A History of the Telephone

The person who is most widely credited for inventing the telephone is the Scotsman Alexander Graham Bell. Born in Edinburgh, Bell emigrated to Canada and then moved to Boston, USA in 1872. Bell was a teacher for the deaf, which led him to become interested in the production of sounds. This led to a study of electricity and magnetism, to see whether sounds could be artificially reproduced. In 1875, Bell constructed his first experimental telephone.

The earliest telephones had only one wire for both transmitting and receiving of voice. They also had only one opening for sound, the telephone user alternately listened and spoke into the same hole. Sometimes the instruments were operated in pairs at each end, making conversation more convenient but also more expensive.

The first telephones were leased in pairs to the subscriber, for example one for the home and one for the office, and the subscriber had to arrange with telegraph contractors to construct a line between them. Users who wanted the ability to speak to three or four different offices or shops would obtain and set up three or four pairs of telephones.

Before the invention of automatic telephone exchanges, the assistance of a telephone operator was required to connect the two telephone lines. The caller would speak to an operator at the central telephone exchange, who would connect the caller to the correct circuit in order to complete the call.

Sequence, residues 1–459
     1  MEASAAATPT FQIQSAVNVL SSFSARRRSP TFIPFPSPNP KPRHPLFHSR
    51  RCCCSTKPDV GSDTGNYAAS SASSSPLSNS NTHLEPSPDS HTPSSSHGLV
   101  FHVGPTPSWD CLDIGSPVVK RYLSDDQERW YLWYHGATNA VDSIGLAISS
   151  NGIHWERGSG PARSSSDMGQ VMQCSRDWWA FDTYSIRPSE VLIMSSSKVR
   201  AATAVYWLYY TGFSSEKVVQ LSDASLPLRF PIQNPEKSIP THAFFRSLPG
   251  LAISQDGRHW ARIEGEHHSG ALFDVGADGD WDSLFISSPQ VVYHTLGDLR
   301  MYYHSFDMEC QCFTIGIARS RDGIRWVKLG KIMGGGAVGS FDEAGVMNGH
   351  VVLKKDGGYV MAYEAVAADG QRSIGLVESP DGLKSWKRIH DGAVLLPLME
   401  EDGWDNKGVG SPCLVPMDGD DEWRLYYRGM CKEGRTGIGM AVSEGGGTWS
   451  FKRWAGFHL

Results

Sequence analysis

When telephone exchanges were first established, the companies primarily employed men to act as the operators. However, many of the young men initially employed proved likely to play pranks whilst on the phone and often didn’t connect the lines correctly. This resulted in the telephone exchange becoming one of the first businesses to extensively employ women.

Strowger, an undertaker, was motivated to invent an automatic telephone exchange after having difficulties with the local telephone operators, one of whom was the wife of a competitor. He was said to be convinced that she, as one of the manual telephone exchange operators, was sending calls “to the undertaker” to her husband. He conceived his invention in 1888, and was awarded a patent for an automatic telephone exchange in 1891. The Strowger Automatic Telephone Exchange Company was founded in the same year.

The company installed and opened the first commercial exchange in his then-home town of La Porte, Indiana on November 3, 1892, with about 75 subscribers and a capacity for 99. The first exchanges were trialled in England in 1912 by the British General Post Office, which operated the British telephone system at the time. The last UK manual exchange, which was on the Isle of Skye in Scotland, only switched to an automatic exchange in 1976!

The next major telephone innovation was the mobile phone with the first handheld mobile phone demonstrated by Motorola in 1973, using a handset weighing around 2 kilograms. It took ten years for the first commercially available mobile phone to hit the shops, it was the Motorola DynaTAC 8000X. The battery life was around 30 minutes and it cost over £2,300!

Following that in 1995 a company called VocalTech pioneered the first widely available VoIP phone, that connected one PC user to another PC User. It was another couple of years before the technology developed but by 2003 25% of all calls were estimated to be made by VoIP and by 2025 the majority of calls will be made that way as legacy systems are set to be removed by then